I can’t help but smile when I think about the performance I saw at DiverseWorks on Friday night. Michelle Ellsworth and two sidekicks performed “The Objectification of Things,” a snarky little romp about the thing-ness of the hamburger. And snarky it definitely was. The piece began with the Unveiling of the Hamburger which took quite a while because the poor thing was hidden, Russian-doll-style, beneath in a variety of weird textures: velvet curtains, chicken wire domes, a leather and twizzler corset, etc. Many of these textile concoctions already had me snorting (quietly, I was trying to be quiet).
Once into the show, all three performers broke out in song about the scientific makeup of the hamburger (it is made of carbon, we are made of carbon). A song about the sociological and historical implications of the hamburger, the people that brought the hamburger to the masses, etc. Ellsworth’s two sidekicks were a bizarre mix of go-go dancers and queen’s attendants, usually in sync, moving thru a haphazard set of gestures. I do wish their choreography were a little better, but it was no matter because Ellsworth’s performance was the focal point. Once I got used to her rushed, almost caffeinated, delivery; I really enjoyed it. While “lecturing” us, she rapidly changed the slides on the screen by snapping her fingers (really
Late in the show, she took a different approach to these lectures. Sidekicks brought out 5 wheels with different words written on them: god’s will, greenhouse effect, food, sex, who’s to blame, etc. After spinning all the wheels, Michelle would lecture on the topic. While the spontaneity of this kind of performance should be interesting, and Ellsworth certainly pulled it off, I’m a bit tired of things like this. The whole chance-operation performance shtick gets old. I guess I’m more interested in smaller acts of spontaneity, not headliners that scream performance art art art art art!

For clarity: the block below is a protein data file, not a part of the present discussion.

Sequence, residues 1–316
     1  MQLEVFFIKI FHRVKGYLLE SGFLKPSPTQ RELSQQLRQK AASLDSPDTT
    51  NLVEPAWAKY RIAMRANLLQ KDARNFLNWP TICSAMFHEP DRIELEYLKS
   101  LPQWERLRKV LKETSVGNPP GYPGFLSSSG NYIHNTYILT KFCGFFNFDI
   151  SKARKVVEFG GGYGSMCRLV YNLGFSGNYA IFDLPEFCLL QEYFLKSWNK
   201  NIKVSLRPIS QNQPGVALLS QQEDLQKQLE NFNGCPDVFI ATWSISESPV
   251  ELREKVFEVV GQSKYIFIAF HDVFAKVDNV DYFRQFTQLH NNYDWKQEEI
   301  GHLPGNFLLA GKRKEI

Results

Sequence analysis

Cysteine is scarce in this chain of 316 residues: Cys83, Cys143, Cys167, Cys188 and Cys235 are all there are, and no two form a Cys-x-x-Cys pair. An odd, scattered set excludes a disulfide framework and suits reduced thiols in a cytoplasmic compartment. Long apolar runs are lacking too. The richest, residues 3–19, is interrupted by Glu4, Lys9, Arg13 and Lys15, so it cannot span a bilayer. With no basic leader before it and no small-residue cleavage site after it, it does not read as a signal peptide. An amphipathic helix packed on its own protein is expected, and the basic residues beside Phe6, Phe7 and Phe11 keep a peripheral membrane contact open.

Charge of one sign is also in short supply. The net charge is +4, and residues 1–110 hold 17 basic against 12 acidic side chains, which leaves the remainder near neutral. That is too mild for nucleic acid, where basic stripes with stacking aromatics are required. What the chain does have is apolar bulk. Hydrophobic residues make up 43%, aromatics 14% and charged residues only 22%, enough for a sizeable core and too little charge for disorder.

The highlight of the dance was a long monologue that Michelle performed with the hamburger. If other parts of the dance were about the hamburger’s history and biology; this part was about the sexual hamburger: the desire for a hamburger. The choreography itself wasn’t spectacular, but the monologue delivery (and the writing) were. Also, the use of the hamburger in the dance. She danced (while speaking) for about ten minutes, caressing the hamburger in her hand, balancing the hamburger on her head, placing the hamburger on the bottom of her feet, and so on. The hamburger truly transformed.
Subsequently a plaster image was made of the hamburger. After the hamburger was ritualistically killed, it’s likeness was resurrected. While certainly the snarkiest part of the show, the whole thing was pulled off in a certain conversational style (“I used white plaster because it’s prettier”) so there was no grand “Statement” thank goodness. In all, the performance was a breath of fresh air for the Houston scene and form of slapstick irony that I could actually enjoy without feeling guilty or mean. Certainly a step up from the Joe Goode performance that I actually walked out on earlier this month. Yay Michelle! Glad you came!